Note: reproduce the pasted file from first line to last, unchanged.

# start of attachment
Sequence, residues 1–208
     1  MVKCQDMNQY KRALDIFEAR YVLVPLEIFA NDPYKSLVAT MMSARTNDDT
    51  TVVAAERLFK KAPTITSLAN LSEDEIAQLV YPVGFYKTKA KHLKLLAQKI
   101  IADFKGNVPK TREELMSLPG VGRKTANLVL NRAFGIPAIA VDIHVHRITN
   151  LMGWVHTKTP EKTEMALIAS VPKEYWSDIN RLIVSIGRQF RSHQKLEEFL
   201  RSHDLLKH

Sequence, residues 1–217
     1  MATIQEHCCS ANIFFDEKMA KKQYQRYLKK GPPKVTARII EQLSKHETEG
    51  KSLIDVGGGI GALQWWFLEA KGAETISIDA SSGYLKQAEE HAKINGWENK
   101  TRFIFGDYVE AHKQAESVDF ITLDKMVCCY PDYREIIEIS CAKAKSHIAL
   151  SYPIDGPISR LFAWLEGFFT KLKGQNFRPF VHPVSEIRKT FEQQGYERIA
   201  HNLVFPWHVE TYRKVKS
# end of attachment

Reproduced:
Sequence, residues 1–208
     1  MVKCQDMNQY KRALDIFEAR YVLVPLEIFA NDPYKSLVAT MMSARTNDDT
    51  TVVAAERLFK KAPTITSLAN LSEDEIAQLV YPVGFYKTKA KHLKLLAQKI
   101  IADFKGNVPK TREELMSLPG VGRKTANLVL NRAFGIPAIA VDIHVHRITN
   151  LMGWVHTKTP EKTEMALIAS VPKEYWSDIN RLIVSIGRQF RSHQKLEEFL
   201  RSHDLLKH

Sequence, residues 1–217
     1  MATIQEHCCS ANIFFDEKMA KKQYQRYLKK GPPKVTARII EQLSKHETEG
    51  KSLIDVGGGI GALQWWFLEA KGAETISIDA SSGYLKQAEE HAKINGWENK
   101  TRFIFGDYVE AHKQAESVDF ITLDKMVCCY PDYREIIEIS CAKAKSHIAL
   151  SYPIDGPISR LFAWLEGFFT KLKGQNFRPF VHPVSEIRKT FEQQGYERIA
   201  HNLVFPWHVE TYRKVKS